By Michael S. Turrini
Coin meetings and shows canceled. Possible closure national assemblages. Gold and silver irrational. Mints closing gift shops. Panic buying. Stock market chaotic. Jobs curtailed. Layoffs. Fear.
We are all witnessing conditions and circumstances completely unknown, not just to our “world of money” hobby, but with modern civilization itself. Uncertainty and worry are now the agonies of daily life.
This agony threatens our world of money, from its local coin clubs across the United States, Canada, plus elsewhere. Meetings are being prevented, postponed, while regional and other large events are being canceled. The American Numismatic Association (ANA) is affected also with hours and services being restricted or reduced, plus staff changes.
Yet, into this gloom and darkness, with no end in sight, our world of money offers confront and serenity. It gives a foundation for stability in a troubling world.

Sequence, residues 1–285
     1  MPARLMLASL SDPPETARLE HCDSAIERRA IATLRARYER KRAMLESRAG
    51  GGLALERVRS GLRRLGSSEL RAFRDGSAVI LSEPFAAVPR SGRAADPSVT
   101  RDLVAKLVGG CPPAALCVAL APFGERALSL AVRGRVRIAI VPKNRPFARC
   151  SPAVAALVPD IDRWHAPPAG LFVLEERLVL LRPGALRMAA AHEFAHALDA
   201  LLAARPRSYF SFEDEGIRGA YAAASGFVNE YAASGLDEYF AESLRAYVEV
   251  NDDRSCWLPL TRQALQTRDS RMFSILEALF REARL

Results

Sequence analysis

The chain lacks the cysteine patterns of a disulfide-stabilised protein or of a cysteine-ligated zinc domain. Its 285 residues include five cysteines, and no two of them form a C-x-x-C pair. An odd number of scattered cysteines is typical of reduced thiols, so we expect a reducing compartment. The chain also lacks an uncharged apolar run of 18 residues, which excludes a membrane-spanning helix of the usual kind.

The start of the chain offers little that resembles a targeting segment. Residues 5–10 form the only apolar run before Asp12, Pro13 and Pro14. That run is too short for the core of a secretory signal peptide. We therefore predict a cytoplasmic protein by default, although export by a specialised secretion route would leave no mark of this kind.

Our world of money can be enjoyed and shared by other means. There are emails, telephone calls, texting, video, Facetime, old-fashion letter correspondence and conferencing. Also, our world of money can be enjoyed among very small groups, with distance maintained and hygiene enforced. Equally, at times like these, there is reading from the voluminous literature that is the education of our world of money. Also, there remains, and shall always remain, that personal touch of relaxing alone with one’s albums, 2x2s, and collections with a handy magnifier.
Yes, meetings and shows are terminated (hopefully only for a short time) and yes, this pandemic continues and may worsen. So what is our recourse? Fear?
Over six decades ago, the great numismatic scholar and philosopher Rear Admiral O.H. Dodson reminded us that, “Today we grope in the fog of uncertainty, searching for a glimmer of what lies ahead. In searching, our hearts and minds in an effort to resolve the problems today, we eventually are forced to turn back to the study of the past ...”
To the Rear Admiral, that past meant numismatics. Numismatics, to him, can whisper hope.
He ended his admonishment with this provocative thought:
“In these faces of majesty, carved in tiny metallic memorials, we pick up an ageless echo – have faith – have patience – we too faced problems – we solved problems – mankind is here to stay.”